BAE systems
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For BAE Systems and its management, the only development more dramatic than their proposed €36bn union with EADS may turn out to be the deal’s failure.

Many analysts and industry executives believe BAE is not only out of good options but that its attempt to tie up with EADS has left it dangerously exposed and facing the wrath of its investors – and its most important customer, the US.

Ian King and Dick Olver, respectively BAE’s chief executive and its chairman, have also been tarnished because of their inability to persuade even BAE’s most loyal shareholders of the wisdom of the deal. Many investors and analysts now believe both men’s jobs are on the line.

For BAE, the future looks dimmer than it did before news of the proposed deal surfaced.

“We think that BAE’s willingness to do such a deal now implies a lower degree of confidence in the company’s ability to achieve all of its large export opportunities in the reasonable timeframe expected by many investors,” says Sash Tusa at Echelon, the independent analyst.

Mr Olver on Wednesday insisted there was no reason to change BAE’s management team, and investors are unlikely to want to further destabilise the company by pushing too quickly for a change of leadership.

But investors have already called for a review of BAE’s strategy – a move Mr King says is not necessary.

“What’s next is Plan A, that we deliver on our strategy that we articulated before,” Mr King told the Financial Times on Wednesday, disputing any need to change tack.

Many analysts and investors believe BAE might now just have to ride out alone the storm of the economic downturn, the end of the wars in Afghanistan and Iraq and the cuts in US and European defence spending.

The most extreme change in strategy could involve the company being broken up into pieces; its important US arm, source of 43 per cent of its revenue, being spun off or sold; and the rest of the company – businesses in the UK, Australia and Saudi Arabia – left to limp along.

The emergence of a new suitor for BAE from among the big US defence companies is another possibility some have noted, arguing that the deal’s collapse leaves BAE vulnerable.

One senior UK official said BAE would remain “in play”, noting: “The risk for BAE is it has made clear that it does not have a long-term future without some kind of tie-up.”

Lockheed Martin and General Dynamics are said to have already approached the Pentagon to see whether such a proposal would be acceptable. Few people who have closely followed the defence industry believe it would be. The US defence department’s long-held view has been that the number of its biggest suppliers has shrunk enough after the consolidation of the late 1990s that created Lockheed and Boeing, the country’s largest defence contractors.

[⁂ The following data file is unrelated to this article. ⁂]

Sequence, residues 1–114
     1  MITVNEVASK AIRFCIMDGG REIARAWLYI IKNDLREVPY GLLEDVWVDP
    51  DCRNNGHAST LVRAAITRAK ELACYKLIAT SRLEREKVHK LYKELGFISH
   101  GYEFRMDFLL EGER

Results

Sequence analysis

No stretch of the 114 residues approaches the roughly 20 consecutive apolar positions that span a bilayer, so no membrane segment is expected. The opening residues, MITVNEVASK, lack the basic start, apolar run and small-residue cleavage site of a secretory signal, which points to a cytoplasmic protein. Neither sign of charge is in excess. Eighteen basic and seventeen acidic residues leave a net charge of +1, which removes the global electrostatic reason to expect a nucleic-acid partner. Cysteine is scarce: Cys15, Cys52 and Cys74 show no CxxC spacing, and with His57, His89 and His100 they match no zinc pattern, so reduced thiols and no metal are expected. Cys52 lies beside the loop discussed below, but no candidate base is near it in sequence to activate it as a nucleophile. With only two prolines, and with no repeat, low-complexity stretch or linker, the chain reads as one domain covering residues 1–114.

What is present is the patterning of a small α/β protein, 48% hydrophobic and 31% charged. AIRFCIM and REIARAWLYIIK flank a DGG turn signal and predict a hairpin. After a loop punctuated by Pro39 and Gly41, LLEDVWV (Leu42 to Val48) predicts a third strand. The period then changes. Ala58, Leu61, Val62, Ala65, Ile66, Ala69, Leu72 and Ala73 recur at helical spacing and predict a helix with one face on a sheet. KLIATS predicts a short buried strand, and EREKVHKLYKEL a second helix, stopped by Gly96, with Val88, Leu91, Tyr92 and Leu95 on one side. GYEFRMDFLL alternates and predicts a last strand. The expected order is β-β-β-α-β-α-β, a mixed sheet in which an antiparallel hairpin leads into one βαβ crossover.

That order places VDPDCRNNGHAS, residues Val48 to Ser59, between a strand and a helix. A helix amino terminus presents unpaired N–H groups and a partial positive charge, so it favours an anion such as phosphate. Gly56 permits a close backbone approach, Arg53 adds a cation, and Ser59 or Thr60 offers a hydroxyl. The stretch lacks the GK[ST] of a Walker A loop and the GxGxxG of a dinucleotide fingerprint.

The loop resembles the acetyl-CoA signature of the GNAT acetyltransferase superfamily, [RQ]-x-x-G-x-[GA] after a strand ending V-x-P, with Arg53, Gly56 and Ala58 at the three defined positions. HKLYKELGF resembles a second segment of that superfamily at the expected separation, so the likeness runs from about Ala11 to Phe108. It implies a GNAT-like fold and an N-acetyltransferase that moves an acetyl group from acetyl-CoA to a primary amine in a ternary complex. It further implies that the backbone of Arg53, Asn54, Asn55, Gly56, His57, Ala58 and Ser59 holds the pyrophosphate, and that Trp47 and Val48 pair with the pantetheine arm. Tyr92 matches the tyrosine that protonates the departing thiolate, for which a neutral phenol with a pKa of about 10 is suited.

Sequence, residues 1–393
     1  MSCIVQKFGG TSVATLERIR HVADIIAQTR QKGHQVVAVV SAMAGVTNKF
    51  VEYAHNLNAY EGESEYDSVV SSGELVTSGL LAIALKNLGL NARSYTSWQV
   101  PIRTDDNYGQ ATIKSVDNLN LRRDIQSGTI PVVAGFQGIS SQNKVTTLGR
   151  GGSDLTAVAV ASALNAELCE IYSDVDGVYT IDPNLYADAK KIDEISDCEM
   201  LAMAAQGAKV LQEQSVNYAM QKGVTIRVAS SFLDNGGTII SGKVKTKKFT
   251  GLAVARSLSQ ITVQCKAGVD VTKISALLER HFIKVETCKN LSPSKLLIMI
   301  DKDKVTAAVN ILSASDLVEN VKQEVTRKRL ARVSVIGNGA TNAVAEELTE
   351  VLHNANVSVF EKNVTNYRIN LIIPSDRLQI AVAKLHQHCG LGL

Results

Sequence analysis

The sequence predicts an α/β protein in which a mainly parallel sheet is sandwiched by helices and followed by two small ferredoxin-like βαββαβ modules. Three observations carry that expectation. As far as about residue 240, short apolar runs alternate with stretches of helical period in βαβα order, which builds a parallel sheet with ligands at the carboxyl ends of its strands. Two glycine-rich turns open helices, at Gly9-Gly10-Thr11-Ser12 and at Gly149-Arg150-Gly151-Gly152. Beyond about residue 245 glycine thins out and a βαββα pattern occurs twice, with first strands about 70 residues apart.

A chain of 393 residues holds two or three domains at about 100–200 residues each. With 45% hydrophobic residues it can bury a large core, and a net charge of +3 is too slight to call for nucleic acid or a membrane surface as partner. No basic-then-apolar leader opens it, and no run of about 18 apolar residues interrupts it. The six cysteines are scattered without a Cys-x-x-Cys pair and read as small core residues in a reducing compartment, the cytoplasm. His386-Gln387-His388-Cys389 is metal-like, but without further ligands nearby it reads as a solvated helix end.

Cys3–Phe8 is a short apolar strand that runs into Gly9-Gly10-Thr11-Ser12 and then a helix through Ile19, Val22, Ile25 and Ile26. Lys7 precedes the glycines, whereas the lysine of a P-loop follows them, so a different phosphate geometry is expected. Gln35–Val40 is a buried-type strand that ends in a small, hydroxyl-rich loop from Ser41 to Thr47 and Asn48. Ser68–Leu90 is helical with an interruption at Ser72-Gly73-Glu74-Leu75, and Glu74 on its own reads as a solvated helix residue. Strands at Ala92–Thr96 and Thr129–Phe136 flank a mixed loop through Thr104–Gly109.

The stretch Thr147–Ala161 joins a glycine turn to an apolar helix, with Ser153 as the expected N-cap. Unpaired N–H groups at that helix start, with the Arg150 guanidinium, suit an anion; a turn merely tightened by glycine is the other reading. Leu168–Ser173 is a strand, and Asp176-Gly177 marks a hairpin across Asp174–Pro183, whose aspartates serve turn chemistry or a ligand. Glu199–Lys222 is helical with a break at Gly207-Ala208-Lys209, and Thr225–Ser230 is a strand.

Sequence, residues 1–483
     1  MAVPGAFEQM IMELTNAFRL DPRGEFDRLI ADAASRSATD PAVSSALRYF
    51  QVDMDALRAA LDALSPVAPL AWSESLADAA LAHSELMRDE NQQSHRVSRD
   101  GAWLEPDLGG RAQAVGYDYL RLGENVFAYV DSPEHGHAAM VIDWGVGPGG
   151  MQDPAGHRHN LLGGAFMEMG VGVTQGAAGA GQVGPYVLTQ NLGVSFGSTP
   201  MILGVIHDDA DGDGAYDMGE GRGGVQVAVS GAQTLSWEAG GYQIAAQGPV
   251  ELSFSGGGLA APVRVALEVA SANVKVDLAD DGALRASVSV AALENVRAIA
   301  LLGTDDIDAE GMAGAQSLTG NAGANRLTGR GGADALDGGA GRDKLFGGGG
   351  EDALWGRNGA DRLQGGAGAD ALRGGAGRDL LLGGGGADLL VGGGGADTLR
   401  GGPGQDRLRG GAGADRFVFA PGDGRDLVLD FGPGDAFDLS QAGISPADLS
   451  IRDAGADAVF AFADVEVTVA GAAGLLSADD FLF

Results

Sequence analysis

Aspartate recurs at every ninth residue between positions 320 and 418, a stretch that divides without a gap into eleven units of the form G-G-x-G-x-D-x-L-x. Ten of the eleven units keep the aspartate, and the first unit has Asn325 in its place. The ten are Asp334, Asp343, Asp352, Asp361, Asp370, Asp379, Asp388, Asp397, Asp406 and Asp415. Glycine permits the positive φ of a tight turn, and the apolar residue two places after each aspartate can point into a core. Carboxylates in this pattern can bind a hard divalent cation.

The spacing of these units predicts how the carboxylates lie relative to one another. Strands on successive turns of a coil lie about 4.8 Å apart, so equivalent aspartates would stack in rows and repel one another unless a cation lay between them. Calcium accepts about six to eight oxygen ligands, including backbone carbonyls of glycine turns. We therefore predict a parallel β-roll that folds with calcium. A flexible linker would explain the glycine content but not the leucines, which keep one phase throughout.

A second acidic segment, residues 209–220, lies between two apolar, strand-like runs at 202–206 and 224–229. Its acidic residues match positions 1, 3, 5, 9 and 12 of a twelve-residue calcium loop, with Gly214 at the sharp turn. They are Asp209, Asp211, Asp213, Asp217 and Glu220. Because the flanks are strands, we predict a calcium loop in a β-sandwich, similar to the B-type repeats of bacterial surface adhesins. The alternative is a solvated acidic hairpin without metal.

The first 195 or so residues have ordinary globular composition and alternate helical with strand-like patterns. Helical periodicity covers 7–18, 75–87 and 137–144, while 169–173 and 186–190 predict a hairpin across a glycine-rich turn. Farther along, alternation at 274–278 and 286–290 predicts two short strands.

A person close to Lockheed on Wednesday said it would not be interested in bidding for BAE. “We’re looking at focusing on our customers and our cost-reduction issues,” he said.

The US government’s opposition to further consolidation in the US defence market may have eased somewhat as spending cuts have prompted companies to begin lay-offs, but BAE’s size – it is the world’s second largest defence company after Lockheed and a top 10 supplier to the US government – remains an insurmountable hurdle, say analysts.

“The Pentagon has warned against consolidation and we would not expect a potential bid from any other US competitors,” says Ed Salvesen, analyst at Brewin Dolphin Investment Management.

The UK government is also unlikely to sanction such a deal because a US owner would not guarantee that some of BAE’s most sensitive UK projects – such as nuclear submarine building – would remain in the UK. Bankers say they have for years tried to make a transatlantic union work and BAE has looked at, and dismissed, a tie-up with Boeing and, more recently, with Northrop Grumman.

Mr King says he does not expect another suitor and that none has so far approached him. But people close to the deal say EADS could spend the next three months – with the blessing of BAE – lobbying the German government and then have another go at BAE early next year, especially given that most of the non-political details of the deal have already been agreed.

For now Mr King will have to articulate a convincing strategy to his customers – particularly the US and UK governments – and his investors.

“They will be under enormous pressure to explain what Plan B is and they’ll be punished if they don’t,” says Guy Anderson of IHS Jane’s, the defence industry analysts.

Many fellow industry executives and analysts sympathetically note that decisions made by Mike Turner, Mr King’s predecessor, meant that the BAE chief “found himself completely exposed to two defence markets [the US and UK] just before they went belly up,” as Mr Anderson puts it.

They argue BAE does not need to throw in the towel at what may be the bottom of the defence cycle, nor that its future without a deal looks as grim as Mr Turner and others have argued.

Even BAE’s closest competitors envy its broad international portfolio, its ability to generate cash and a loyal following of investors drawn to the steady dividend.

For all the criticism of BAE that the EADS deal has unleashed, many investors, industry executives and analysts believe that, rather than a dramatic change in direction, the company needs a management that is better at articulating its strategy.

Additional reporting by Robert Wright and Anousha Sakoui

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